TA: I think that the question about whether we can afford it has two dimensions. One is the extent to which addressing inequality involves redistribution —whether in involves some people, like myself, paying higher taxes to finance a more effective system of social protection, for example. On the other hand, it’s a question about how far these measures and other measures would tend to reduce the size of the cake, to put it in a rather hackneyed metaphor.
The second argument is the one I spend more time discussing, which is to say that in the kinds of economies in which we live, there are a number of directions in which we can both make the distribution fairer and contribute to making our economies more efficient and more productive for everyone. That’s very much within the Institute for New Economic Thinking’s way of looking at the world because I’m really saying that the economic model we’ve had to think about is one in which intervention tends to reduce the size of the cake. Yet if you think about a different economic model, you have to allow for the fact that there are corporations with monopoly power. You have to allow for the fact that we have workers who have very little countervailing power, and so on. There are, in fact, ways in which the current situation is inefficient.
LP: So reducing inequality may increase efficiency rather than the opposite, as Neoclassical economists might argue?
TA: Yes, I think that as a starting point we need to look at the world as it really is. We have unemployment and other evidence that the world isn’t working in a kind of textbook competitive fashion.
LP: Let’s talk about debates concerning Britain and whether or not inequality is growing. Pikettty, for example, says that British society is becoming more economically unequal. Others refute this view. How do you read the data?
TA: I think it’s very important to distinguish here between distribution of incomes and distribution of wealth. On incomes, there’s very little dispute. There is no doubt that income inequality in Britain today is very significantly higher than it was a generation ago. The Gini coefficient, which is used to measure it, is some ten percentage points higher than it was in the 1970s. And that’s a very big increase. It took us from being a country like the Netherlands or France to being a country like the United States in terms of inequality. I don’t think anyone disputes that, nor do they dispute the fact that poverty is higher than when I started out as an economist nearly 50 years ago.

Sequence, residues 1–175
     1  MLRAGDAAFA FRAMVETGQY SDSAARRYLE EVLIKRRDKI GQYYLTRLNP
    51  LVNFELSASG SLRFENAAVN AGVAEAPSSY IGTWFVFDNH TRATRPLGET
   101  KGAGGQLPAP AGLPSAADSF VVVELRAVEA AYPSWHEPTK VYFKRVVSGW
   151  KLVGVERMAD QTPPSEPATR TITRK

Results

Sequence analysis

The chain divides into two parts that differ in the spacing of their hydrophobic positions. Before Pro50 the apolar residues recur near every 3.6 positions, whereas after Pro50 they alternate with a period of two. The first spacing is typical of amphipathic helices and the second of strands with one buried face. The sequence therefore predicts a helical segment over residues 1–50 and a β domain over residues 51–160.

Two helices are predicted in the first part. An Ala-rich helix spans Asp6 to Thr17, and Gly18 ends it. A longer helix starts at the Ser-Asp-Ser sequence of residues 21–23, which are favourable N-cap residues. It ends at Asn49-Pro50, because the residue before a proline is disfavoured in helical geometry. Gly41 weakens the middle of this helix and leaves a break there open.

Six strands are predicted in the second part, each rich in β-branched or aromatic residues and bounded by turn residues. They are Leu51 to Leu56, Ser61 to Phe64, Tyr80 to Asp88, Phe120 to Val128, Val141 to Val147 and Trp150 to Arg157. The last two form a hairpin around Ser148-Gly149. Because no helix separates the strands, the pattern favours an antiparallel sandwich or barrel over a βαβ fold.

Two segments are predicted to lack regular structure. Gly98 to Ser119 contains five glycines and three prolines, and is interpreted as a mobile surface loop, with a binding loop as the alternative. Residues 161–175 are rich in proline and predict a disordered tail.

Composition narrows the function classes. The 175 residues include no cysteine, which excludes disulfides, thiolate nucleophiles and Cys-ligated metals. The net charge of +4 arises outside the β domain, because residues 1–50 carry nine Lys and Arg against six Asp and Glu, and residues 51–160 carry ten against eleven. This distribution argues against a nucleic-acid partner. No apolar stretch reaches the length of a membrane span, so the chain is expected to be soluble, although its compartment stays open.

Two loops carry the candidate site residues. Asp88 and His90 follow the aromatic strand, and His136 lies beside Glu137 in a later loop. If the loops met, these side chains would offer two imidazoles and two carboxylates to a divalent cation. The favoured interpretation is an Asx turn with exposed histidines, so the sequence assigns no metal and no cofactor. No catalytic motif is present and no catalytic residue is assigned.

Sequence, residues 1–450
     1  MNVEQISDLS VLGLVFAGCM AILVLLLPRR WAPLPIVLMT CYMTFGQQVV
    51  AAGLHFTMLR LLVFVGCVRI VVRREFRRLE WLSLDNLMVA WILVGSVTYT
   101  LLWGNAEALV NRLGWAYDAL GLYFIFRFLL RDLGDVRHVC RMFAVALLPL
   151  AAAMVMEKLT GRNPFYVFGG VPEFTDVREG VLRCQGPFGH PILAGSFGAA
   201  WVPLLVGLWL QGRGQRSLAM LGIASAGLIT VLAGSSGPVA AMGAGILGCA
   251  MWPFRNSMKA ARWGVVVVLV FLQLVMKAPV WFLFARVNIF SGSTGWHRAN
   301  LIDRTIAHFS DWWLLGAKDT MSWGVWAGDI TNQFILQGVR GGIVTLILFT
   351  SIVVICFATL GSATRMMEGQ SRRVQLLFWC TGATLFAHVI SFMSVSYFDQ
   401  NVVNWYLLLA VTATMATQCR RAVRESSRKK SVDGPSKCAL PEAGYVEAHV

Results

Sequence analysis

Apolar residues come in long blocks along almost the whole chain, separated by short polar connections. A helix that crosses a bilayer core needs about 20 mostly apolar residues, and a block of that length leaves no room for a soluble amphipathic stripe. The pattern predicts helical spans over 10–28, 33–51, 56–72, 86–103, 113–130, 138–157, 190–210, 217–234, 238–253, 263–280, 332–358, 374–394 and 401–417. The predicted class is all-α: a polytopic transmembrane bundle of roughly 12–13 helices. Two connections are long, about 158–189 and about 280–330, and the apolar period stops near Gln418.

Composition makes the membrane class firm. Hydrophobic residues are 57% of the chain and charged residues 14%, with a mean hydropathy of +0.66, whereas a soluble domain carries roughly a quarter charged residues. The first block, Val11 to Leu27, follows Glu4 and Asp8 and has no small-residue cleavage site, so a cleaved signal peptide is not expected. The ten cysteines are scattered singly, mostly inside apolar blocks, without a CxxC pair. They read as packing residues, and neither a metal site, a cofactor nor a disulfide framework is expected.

Where there is much less certainty is about the wealth data, that is, how rich people are. There, our current statistics about changes in wealthy inequality are not so good — not as good as the American statistics. I think there is room for confusion there. The OECD says that wealth concentration in Britain is rising. Maybe. I’m not myself quite sure. It’s much harder to measure wealth concentration now because people are so geographically mobile. People on the “rich list” — it’s not quite clear whether they live in England or not. They might live somewhere else. It’s not clear whether the wealth is owned by them, or by a foundation, or a trust, or whether it’s spread out amongst a family. So it’s a much more complicated set of statistics to assemble today than it was 20 or 30 years ago.
LP: You’ve written in your book that you feel optimistic about solving the problem of inequality. What gives you hope?
TA: People often say that there’s a sense of inevitability, that there’s nothing much you can do. But what I was trying to argue in the book is that there are things you can do. The problem has been that we’ve not had on the agenda issues that would make a difference. Interestingly, even since I wrote the book the Conservative government in Britain has actually adopted the living wage as policy. Last week in the budget the chancellor announced he was in favor of paying higher wages. So there’s hope.